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Although one of its closest allies, Japan is not immune to being spied on by the United States. The Abe government’s posturing following Wikileaks recent release of documents stipulating the US is spying on Japan as “deeply regrettable” rings pretty hollow (emphasis added):

“We have strongly requested intelligence director Clapper confirm the facts,” Suga said, referring to James Clapper, National Intelligence director.

Claims that Washington spied on Japanese trade officials, among others, came just as delegates negotiating a vast free-trade agreement known as the Trans-Pacific Partnership failed to reach a final deal after several days of intense talks in Hawaii.

The US and Japan are the two biggest economies in the 12-nation negotiations, but they have sparred over key issues including auto sector access and opening up Japan’s protected agricultural markets.

‘Intimate knowledge’

WikiLeaks said the US intercepts showed “intimate knowledge of internal Japanese deliberations” on trade issues, nuclear policy, and Japan’s diplomatic relations with the US.

“The reports demonstrate the depth of US surveillance of the Japanese government, indicating that intelligence was gathered and processed from numerous Japanese government ministries and offices,” it said.

Shinzo Abe, Japan’s prime minister, did not appear to be a direct target of phone tapping but senior politicians were.

Yoichi Miyazawa, Japan’s trade minister; Haruhiko Kuroda, Bank of Japan governor; and officials of Mitsubishi company were in the sights of US intelligence, WikiLeaks said.

This is the type of spying I would expect every world government to conduct. The usefulness of this type of data gives negotiating advantages for the countries with good intelligence, so this really should come as no surprise. If a large economic power like Japan has not engaged in this behavior then I will be very surprised.

Buzzfeed, of all places, has an interesting article introducing a mysterious new hacker army freaking out the Middle East:

But the campaign continued to build. Twitter accounts were created calling for hackers to attack Saudi targets rallying around the hashtag #OpSaudi. On May 20, the Saudi foreign ministry was hacked. The next day, a story appeared on Iran’s state-run FARS news agency, the first media mention of the group (followed quickly by a second press mentionon Russia Today). The FARS story credited the Yemen Cyber Army with carrying out the hack of the Saudi foreign ministry and said it would soon be releasing personal information about Saudi federal employees as well as diplomatic correspondence. In the week that followed, documents surfaced in Pastebin accounts with passport information that appeared to come from the Saudi foreign ministry.

Fast forward to one month later, when Wikileaks announced it would make public roughly one million diplomatic cables from Saudi Arabia’s foreign ministry. Wikileaks’ press release mentions that “a group calling itself the Yemen Cyber Army was responsible for breaching the Saudi Foreign Ministry,” but stops short of naming the group as the source of the documents being uploaded to Wikileaks. The documents range from cables outlining Saudi Arabia’s funding of Islamist groups in the region, to a request from Osama bin Laden’s son for his father’s death certificate. It was the first news-making event for Wikileaks since November 2013.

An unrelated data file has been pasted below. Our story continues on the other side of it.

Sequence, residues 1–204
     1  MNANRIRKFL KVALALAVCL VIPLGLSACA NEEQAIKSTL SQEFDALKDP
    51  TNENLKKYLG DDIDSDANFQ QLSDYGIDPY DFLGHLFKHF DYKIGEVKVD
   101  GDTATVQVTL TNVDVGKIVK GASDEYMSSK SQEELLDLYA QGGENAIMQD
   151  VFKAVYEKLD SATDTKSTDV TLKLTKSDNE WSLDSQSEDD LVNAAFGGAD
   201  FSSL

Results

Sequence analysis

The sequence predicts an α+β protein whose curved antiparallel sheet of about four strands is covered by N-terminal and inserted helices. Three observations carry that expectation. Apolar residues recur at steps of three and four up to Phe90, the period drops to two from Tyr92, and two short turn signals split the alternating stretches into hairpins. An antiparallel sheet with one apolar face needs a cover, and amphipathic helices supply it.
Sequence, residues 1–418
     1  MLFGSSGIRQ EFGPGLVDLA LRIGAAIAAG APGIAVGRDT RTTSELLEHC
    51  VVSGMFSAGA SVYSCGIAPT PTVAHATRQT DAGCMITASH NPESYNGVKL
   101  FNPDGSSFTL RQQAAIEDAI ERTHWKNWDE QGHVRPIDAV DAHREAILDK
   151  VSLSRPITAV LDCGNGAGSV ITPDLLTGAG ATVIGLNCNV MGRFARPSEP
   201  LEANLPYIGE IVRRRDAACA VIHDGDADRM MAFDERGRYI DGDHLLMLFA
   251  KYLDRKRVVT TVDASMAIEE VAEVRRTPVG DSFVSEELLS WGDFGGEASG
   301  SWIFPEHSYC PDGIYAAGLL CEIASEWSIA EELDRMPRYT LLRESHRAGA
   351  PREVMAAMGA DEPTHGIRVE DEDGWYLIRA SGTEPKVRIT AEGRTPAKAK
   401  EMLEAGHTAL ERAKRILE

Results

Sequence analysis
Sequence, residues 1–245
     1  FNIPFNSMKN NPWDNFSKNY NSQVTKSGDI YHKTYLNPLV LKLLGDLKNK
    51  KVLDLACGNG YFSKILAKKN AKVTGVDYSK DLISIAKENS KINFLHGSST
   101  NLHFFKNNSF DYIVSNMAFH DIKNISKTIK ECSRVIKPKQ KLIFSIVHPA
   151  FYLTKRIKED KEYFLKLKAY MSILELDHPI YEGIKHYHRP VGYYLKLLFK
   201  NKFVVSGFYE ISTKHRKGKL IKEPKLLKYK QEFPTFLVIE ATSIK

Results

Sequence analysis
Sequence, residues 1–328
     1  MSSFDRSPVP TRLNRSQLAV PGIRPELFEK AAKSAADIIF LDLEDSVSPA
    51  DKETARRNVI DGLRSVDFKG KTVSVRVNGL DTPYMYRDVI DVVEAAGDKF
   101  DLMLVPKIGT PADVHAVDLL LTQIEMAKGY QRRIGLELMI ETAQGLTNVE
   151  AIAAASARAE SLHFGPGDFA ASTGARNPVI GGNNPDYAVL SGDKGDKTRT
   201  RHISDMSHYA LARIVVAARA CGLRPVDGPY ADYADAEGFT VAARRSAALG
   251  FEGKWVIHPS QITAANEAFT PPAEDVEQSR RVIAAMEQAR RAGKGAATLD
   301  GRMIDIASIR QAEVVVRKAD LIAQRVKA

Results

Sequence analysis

Who is the shadowy group that appears to have launched a full-scale digital campaign to expose, or at least embarrass, Saudi Arabia?

I am surprised to see such an interesting, and well written, cyber security story on Buzzfeed.

Intercept on how the DoJ gagged Google over surveillance of a Wikileaks volunteers Gmail account and the tough legal battle that ensued (emphasis added):

The Justice Department argued in the case that Appelbaum had “no reasonable expectation of privacy” over his email records under the Fourth Amendment, which protects against unreasonable searches and seizures. Rather than seeking a search warrant that would require it to show probable cause that he had committed a crime, the government instead sought and received an order to obtain the data under a lesser standard, requiring only “reasonable grounds” to believe that the records were “relevant and material” to an ongoing criminal investigation.

Google repeatedly attempted to challenge the demand, and wanted to immediately notify Appelbaum that his records were being sought so he could have an opportunity to launch his own legal defense. Attorneys for the tech giant argued in a series of court filings that the government’s case raised “serious First Amendment concerns.” They noted that Appelbaum’s records “may implicate journalistic and academic freedom” because they could “reveal confidential sources or information about WikiLeaks’ purported journalistic or academic activities.”

However, the Justice Department asserted that “journalists have no special privilege to resist compelled disclosure of their records, absent evidence that the government is acting in bad faith,” and refused to concede Appelbaum was in fact a journalist. It claimed it had acted in “good faith throughout this criminal investigation, and there is no evidence that either the investigation or the order is intended to harass the … subscriber or anyone else.”

Google’s attempts to fight the surveillance gag order angered the government, with the Justice Department stating that the company’s “resistance to providing the records” had “frustrated the government’s ability to efficiently conduct a lawful criminal investigation.”

So the United States Department of Justice’s position is if a company fights back against a request for user data rather than just handing it over haplessly, they consider that act to frustrate their ability to efficiently conduct a lawful criminal investigation?